It’s a good practice to summarize the objectives that you want to achieve through change management.
Once the objectives are clear, you would know whether they are aligned with the overall business objectives.
A clear set of objectives will help you to get higher-ups on board with change management by selling the benefits.
3. Comprehend the impact of changes
Change risks and consequences are better understood and quantified beforehand to identify an adequate reaction that may involve acceptance of the risk of change, mitigation by altering the change, or avoidance by prohibiting the change until it presents less risk.
In case of a change failure, a roll-back strategy must be developed in order to restore the previous operating environment while further studying the modification.
In case of a high-risk change that has resulted in severe service disruptions, change can be halted until the operational environment is stabilized.
4. Communicate the importance of change management
In a survey done by McKinsey, 2200 executives have voted commitment-to-change as a key indicator for a successful change.
It’s normal for a request-for-change to have multiple stakeholders. It’s important for them to know what’s for them.
5. Have a single definition for change management and its types
Change has a different meaning for different people so having a clear definition of a change model is important. Along with that, you also need to define the change types:
Motadata ServiceOps ITSM allows you to define the following types:
6. Define the roles and responsibilities in change management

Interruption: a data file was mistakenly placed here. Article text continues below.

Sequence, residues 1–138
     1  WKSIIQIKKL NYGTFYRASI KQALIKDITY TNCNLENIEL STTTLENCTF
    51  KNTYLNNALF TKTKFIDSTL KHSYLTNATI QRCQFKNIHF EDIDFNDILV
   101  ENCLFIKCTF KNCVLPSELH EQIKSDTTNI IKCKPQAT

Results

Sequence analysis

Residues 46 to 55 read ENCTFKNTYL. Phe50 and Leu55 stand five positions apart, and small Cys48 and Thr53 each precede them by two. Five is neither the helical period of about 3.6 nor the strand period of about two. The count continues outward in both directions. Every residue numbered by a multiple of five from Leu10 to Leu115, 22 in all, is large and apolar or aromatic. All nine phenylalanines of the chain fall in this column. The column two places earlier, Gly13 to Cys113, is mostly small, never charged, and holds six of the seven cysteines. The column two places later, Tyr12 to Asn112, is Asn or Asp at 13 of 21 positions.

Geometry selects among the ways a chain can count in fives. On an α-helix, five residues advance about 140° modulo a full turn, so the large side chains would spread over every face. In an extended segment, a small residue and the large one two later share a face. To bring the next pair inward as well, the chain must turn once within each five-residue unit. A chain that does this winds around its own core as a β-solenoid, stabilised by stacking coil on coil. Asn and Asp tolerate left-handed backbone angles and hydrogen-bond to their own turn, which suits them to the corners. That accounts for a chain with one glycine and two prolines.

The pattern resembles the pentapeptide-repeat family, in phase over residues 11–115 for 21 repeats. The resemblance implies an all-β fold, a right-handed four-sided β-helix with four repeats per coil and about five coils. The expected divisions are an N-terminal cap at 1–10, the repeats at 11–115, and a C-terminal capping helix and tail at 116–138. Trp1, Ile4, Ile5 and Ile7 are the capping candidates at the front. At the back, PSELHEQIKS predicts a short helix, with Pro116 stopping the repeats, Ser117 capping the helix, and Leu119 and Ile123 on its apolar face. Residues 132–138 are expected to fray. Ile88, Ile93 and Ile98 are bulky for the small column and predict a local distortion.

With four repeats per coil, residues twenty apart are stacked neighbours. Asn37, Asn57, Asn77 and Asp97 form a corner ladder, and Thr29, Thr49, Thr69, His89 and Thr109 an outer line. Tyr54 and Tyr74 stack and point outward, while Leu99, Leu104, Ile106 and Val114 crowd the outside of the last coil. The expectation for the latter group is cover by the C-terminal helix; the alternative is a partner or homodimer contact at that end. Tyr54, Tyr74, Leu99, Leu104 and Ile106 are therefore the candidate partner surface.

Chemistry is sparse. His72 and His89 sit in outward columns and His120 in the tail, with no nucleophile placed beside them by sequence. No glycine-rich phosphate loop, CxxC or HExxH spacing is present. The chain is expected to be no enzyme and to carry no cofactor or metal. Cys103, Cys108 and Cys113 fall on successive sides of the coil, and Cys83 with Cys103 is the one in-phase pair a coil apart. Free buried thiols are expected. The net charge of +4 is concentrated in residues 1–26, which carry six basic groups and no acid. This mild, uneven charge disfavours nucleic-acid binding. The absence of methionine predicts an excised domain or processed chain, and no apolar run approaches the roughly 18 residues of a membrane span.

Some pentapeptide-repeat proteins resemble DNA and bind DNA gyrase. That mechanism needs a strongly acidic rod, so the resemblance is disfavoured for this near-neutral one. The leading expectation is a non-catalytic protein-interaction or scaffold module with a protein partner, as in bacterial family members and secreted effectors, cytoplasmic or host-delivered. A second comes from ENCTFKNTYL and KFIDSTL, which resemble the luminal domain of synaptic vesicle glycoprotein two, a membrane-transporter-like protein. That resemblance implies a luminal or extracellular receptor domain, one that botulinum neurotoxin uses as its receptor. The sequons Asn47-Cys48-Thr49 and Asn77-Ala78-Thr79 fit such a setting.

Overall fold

Change is a process that needs people, and it’s your job to make sure that their roles and responsibilities are defined. Some of the common roles/groups involved in a change process are:
Change Manager: Some of the functions of a change manager are: reviewing of submitted RFC, planning of change schedule, make records in the CMDB, performing an impact analysis, etc.
Change Owner: Every change needs an owner who will supervise the entire process.
CAB (Change Advisory Board): Generally, a group of people who reviews each and every change in terms of business, operation, and technical feasibility.
Emergency Change Advisory Board: Generally, a small group that is available on short notice to manage sudden emergencies.
7. Have change management workflows
A workflow gives a structure for better and faster decision-making. In Motadata ServiceOps Change Management, we provide a standard model on top of which you can build your change workflows.
An example workflow that you can build using our workflow creator:
What I have discussed above, as best practices, are consistent with ITIL change management, which at its core is all about value addition. Let me elaborate on the value I just spoke about. Solid change management will make your IT more ready to say yes to changes, which in turn will pave the way for positive disruptions.